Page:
When you’re looking to fill open positions in your company, you likely have a wide variety of sources you pull from externally — job boards, your recruiting team, and social media, just to name a few. But you might be overlooking an incredible source of talented, vetted, highly qualified candidates: your current employees.
Building a great employee referral program can help you gain access to the people your employees already know, who might be just the people you need to grow your company and help you thrive. But putting one together from scratch can be a bit complicated. This guide will take you through everything you need to know about employee referral programs.
What is an Employee Referral Program?
The concept of an employee referral program is simple: you incentivize employees to recommend people in their networks for your open positions. The referring employee might be thanked with monetary awards, gift cards, or something else (we’ll cover more ideas shortly).
The Benefits of Employee Referral Programs
Your recruiting strategy (and corporate rewards strategy) should definitely include an employee referral program because they’re highly effective at filling open roles, and they can even help raise employee engagement.
They give you access to a pool of talented people who already know someone at your organization. Using this access wisely can help your talent acquisition team streamline hiring and access top talent. In fact, Harvard Business Review found that referrals generated 70% more hires than non-referrals.
Employees are careful about who they refer because they are concerned about their reputation at your company. And their referrals will work hard because of that personal connection as well — they don’t want to let down the person who brought them in.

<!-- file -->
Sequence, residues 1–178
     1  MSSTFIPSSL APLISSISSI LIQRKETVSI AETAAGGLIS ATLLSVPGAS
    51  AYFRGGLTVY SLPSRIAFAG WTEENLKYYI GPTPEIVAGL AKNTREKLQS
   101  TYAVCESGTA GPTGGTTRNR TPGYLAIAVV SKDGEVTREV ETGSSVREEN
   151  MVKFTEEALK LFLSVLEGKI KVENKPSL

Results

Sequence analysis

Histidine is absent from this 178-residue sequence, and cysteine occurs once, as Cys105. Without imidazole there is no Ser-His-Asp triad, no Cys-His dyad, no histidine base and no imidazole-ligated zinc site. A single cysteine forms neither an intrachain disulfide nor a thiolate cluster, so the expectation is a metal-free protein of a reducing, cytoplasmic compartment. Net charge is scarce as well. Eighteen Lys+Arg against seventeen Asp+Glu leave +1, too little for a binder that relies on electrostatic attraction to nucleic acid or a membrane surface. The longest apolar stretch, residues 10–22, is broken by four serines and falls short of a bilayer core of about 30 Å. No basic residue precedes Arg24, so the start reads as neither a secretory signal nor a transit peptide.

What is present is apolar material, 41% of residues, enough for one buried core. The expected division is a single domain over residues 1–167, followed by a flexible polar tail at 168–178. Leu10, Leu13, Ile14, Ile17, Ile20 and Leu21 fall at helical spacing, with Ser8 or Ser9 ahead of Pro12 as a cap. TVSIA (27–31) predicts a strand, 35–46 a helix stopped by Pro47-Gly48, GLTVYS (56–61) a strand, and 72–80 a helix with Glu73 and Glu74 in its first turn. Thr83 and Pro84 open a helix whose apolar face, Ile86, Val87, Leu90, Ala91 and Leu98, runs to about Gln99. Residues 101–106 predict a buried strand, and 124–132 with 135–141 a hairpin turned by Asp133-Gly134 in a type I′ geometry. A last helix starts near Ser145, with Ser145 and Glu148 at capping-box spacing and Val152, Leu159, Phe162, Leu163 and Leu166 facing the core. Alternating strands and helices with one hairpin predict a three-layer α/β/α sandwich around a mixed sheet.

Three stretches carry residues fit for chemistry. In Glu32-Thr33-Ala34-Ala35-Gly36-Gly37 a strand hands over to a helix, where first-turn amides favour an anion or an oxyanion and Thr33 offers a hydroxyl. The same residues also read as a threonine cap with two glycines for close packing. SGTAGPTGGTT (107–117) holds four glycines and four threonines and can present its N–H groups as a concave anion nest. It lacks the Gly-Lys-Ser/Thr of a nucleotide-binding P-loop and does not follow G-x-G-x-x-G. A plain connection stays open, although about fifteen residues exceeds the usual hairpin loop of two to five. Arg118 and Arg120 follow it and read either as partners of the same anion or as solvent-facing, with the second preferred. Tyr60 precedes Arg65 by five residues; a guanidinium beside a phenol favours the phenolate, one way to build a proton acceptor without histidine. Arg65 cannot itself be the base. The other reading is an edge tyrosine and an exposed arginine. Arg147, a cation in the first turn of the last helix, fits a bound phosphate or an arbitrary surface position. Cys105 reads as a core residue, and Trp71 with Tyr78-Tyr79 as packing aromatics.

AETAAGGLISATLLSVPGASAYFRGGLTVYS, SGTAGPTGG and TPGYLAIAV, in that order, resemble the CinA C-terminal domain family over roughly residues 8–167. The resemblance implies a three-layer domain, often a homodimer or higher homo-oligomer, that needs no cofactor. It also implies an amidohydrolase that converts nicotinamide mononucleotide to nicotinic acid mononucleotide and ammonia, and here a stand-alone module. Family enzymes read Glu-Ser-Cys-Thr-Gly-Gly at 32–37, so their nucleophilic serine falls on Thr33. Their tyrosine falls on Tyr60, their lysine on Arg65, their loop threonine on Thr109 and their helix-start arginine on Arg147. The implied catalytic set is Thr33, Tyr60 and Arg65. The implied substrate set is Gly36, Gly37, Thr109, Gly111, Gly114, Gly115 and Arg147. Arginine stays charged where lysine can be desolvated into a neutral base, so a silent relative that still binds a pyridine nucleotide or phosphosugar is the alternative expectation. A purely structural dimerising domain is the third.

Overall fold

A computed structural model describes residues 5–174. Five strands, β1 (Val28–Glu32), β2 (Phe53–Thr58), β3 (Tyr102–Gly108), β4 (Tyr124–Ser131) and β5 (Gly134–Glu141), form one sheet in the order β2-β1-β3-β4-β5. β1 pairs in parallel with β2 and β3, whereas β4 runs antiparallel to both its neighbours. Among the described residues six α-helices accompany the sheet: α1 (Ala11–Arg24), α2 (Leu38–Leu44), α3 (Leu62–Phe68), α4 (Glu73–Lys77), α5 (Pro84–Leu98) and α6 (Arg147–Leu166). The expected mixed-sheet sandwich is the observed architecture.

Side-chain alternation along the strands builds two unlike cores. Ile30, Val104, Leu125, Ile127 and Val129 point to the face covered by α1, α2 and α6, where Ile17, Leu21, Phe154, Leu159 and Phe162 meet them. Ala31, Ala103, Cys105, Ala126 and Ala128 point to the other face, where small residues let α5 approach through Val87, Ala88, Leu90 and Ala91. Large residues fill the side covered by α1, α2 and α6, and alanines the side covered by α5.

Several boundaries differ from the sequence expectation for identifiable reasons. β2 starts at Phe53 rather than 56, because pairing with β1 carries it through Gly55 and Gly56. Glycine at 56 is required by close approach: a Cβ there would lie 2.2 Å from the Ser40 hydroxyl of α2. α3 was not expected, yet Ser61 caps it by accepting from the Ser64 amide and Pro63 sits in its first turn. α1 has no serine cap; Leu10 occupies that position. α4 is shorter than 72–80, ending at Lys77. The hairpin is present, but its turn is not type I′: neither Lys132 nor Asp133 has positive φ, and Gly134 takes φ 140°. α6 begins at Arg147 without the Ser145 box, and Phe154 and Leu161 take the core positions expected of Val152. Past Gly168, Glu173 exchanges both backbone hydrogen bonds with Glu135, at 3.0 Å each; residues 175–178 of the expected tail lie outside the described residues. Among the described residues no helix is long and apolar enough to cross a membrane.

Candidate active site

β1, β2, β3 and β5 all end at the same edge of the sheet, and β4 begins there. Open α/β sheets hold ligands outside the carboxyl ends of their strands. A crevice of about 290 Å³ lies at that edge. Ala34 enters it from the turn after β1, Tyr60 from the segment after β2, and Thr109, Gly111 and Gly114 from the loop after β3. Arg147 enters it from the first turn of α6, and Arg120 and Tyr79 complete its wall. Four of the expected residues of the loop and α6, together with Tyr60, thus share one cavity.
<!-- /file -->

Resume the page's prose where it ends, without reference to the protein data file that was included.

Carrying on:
Plus, referral programs are great for your current employees too. They make them feel included in the hiring process, which makes them feel valued. Plus, the rewards they receive don’t hurt either. And the chance to bring in a trusted former colleague so they can work together again makes everyone feel great.
8 Ideas for Creating a Successful Employee Referral Program
Of course, you only reap the benefits of your referral program if it’s implemented thoughtfully and strategically. These eight employee referral program ideas will help you do just that for your own program.
1. Ensure Your Employee Brand is On Point
This is first on the list because it’s absolutely critical — even the biggest cash bonus isn’t going to encourage your employees to refer the best people they know if they don’t like working there. If your company culture is toxic, or their department is chaotically managed, or your compensation and benefits are below the market, you’ll struggle to attract great candidates from referrals and anywhere else.
In fact, if things are really toxic, your employees are likely conducting the opposite of a referral program by themselves and warning people away from your company. Fix your culture and fix your employer brand first before you add a referral program, or you’ll continue struggling with retention and employee engagement along with hiring.
2. Consider Referral Sources Carefully
Referrals are an amazing source of high-quality candidates — with a catch. In the HBR stat above, the difference between referred and non-referred candidates is big. But the quality of those referrals also depends on how closely the employee and their referral worked together.
If your employee is recommending someone they worked with closely for years, that’s a powerful indicator they will be a good fit. However, if they simply follow each other on LinkedIn, that referral is no better than someone applying externally.